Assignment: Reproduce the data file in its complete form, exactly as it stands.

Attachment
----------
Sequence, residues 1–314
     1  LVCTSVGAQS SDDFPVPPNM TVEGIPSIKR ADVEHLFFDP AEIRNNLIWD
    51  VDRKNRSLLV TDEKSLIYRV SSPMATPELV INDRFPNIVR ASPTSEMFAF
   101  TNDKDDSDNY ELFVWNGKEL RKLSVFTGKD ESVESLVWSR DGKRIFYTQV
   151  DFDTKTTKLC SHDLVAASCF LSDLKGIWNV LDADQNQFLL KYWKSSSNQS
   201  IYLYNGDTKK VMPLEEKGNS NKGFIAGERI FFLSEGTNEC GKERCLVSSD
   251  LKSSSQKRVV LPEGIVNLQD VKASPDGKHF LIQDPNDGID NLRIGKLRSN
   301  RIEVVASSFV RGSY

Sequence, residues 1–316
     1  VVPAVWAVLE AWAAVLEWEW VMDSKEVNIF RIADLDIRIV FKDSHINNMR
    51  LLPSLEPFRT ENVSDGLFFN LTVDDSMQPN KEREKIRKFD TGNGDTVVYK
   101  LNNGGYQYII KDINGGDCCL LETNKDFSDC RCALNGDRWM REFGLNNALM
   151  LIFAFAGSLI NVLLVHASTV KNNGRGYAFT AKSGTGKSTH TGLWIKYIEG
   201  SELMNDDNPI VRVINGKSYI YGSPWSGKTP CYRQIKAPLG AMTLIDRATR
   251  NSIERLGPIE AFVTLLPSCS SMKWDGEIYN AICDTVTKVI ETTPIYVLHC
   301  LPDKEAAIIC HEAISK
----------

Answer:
Sequence, residues 1–314
     1  LVCTSVGAQS SDDFPVPPNM TVEGIPSIKR ADVEHLFFDP AEIRNNLIWD
    51  VDRKNRSLLV TDEKSLIYRV SSPMATPELV INDRFPNIVR ASPTSEMFAF
   101  TNDKDDSDNY ELFVWNGKEL RKLSVFTGKD ESVESLVWSR DGKRIFYTQV
   151  DFDTKTTKLC SHDLVAASCF LSDLKGIWNV LDADQNQFLL KYWKSSSNQS
   201  IYLYNGDTKK VMPLEEKGNS NKGFIAGERI FFLSEGTNEC GKERCLVSSD
   251  LKSSSQKRVV LPEGIVNLQD VKASPDGKHF LIQDPNDGID NLRIGKLRSN
   301  RIEVVASSFV RGSY

Sequence, residues 1–316
     1  VVPAVWAVLE AWAAVLEWEW VMDSKEVNIF RIADLDIRIV FKDSHINNMR
    51  LLPSLEPFRT ENVSDGLFFN LTVDDSMQPN KEREKIRKFD TGNGDTVVYK
   101  LNNGGYQYII KDINGGDCCL LETNKDFSDC RCALNGDRWM REFGLNNALM
   151  LIFAFAGSLI NVLLVHASTV KNNGRGYAFT AKSGTGKSTH TGLWIKYIEG
   201  SELMNDDNPI VRVINGKSYI YGSPWSGKTP CYRQIKAPLG AMTLIDRATR
   251  NSIERLGPIE AFVTLLPSCS SMKWDGEIYN AICDTVTKVI ETTPIYVLHC
   301  LPDKEAAIIC HEAISK